We do know:
    He complained to college officials and on gay forums that his roommate was trying to spy on him.
    Then he asked his roommate for the room for a specific period of time.
    Then he brought another man to the room.

    I don’t think fear of being outed was the single cause, and possibly not even a contributing cause.

  16. Jo October 9, 2010 at 1:24 am #

    Lucy, I have re-read Zach’s post and I can’t figure out what you are talking about. I see you have your cool link you want to share but I don’t see how it ties into Zach’s post. If you could clarify that would be wonderful.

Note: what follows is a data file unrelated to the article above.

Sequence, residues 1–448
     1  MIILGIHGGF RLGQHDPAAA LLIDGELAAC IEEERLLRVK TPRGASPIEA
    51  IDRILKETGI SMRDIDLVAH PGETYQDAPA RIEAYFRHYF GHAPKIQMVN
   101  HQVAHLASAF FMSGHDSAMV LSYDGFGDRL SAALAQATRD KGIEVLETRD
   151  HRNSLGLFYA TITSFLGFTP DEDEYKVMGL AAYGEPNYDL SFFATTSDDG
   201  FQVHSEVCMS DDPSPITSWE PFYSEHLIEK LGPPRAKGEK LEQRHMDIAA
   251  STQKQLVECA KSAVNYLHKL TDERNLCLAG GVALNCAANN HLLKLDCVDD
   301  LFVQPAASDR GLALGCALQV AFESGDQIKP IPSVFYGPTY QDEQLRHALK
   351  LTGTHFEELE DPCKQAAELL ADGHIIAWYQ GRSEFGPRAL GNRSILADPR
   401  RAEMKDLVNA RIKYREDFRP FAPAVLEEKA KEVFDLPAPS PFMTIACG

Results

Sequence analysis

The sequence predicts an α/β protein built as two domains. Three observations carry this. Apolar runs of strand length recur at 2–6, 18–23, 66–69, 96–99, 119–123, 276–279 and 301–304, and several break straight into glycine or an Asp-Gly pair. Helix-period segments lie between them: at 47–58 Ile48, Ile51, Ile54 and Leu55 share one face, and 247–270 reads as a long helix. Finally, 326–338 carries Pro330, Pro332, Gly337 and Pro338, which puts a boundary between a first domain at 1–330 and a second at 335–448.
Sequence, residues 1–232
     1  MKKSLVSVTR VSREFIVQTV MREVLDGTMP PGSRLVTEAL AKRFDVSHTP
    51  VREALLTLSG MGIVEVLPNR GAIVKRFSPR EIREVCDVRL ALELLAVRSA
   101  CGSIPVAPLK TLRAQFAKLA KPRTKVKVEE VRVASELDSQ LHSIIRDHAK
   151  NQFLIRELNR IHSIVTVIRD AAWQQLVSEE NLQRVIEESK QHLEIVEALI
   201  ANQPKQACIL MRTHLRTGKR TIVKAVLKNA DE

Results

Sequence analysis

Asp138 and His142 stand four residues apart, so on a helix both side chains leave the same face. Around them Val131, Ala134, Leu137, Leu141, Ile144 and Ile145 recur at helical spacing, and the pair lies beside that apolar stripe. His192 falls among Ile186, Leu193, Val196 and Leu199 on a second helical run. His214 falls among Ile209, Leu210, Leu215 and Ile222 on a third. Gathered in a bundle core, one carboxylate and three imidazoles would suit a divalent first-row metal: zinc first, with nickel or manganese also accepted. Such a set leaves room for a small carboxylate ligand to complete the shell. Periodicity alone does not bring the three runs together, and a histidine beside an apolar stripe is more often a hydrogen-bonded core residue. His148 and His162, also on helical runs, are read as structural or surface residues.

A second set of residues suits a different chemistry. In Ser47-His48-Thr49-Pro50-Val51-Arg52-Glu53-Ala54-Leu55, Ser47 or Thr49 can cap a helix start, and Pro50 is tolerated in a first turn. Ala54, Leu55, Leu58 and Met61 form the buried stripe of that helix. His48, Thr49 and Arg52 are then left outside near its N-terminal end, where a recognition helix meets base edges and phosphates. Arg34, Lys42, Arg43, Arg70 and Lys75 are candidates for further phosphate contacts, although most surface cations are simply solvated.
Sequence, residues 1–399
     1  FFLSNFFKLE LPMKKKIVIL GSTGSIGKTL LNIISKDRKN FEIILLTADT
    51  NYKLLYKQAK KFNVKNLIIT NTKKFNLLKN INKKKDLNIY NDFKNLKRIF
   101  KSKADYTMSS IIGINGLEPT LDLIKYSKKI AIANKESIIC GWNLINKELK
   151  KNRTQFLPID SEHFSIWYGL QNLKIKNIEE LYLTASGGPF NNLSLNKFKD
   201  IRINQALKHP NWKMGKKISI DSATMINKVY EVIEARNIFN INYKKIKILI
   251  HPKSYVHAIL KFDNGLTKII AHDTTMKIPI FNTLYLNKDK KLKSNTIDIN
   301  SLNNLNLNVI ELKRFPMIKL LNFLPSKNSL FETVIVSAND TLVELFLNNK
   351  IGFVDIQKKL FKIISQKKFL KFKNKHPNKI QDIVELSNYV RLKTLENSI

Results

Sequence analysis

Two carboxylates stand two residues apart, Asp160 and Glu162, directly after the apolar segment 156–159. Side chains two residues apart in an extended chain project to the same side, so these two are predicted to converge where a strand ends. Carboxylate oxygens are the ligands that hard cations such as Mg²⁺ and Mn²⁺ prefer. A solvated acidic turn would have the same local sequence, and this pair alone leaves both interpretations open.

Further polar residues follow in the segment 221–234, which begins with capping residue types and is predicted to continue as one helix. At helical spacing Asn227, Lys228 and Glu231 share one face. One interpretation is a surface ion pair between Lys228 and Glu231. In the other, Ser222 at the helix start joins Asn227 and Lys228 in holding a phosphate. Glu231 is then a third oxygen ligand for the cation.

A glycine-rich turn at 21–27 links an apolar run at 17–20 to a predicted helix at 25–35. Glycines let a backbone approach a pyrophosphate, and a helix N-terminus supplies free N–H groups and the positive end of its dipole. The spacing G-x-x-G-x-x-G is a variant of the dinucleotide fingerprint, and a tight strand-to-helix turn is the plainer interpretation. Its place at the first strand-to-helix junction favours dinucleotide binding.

So far as I can tell he didn’t say that someone is wrong for thinking something is wrong. (though that sentence is so poorly written I am not sure if I got your true meaning) What he said was he believes parents should teach their children tolerance and asked if we that are posting here do so.

    Yes Zach I teach my children tolerance. No one is better or worse than another because they are different.

  17. Larry Harrison October 9, 2010 at 1:43 am #

    I agree with the person who said that they’re trying to make bullying the equivalent of sexual harassment. That is, something that’s over-legislated & has a tendency to inspire people to take the ball & run with it too fast. And it’s true–the accusation tends to stick to the accused & smear them, even if the accusations are baseless.

    Further, false allegations in sexual harassment are as much of a problem as the actual harassment itself, I think, and this could turn out much the same.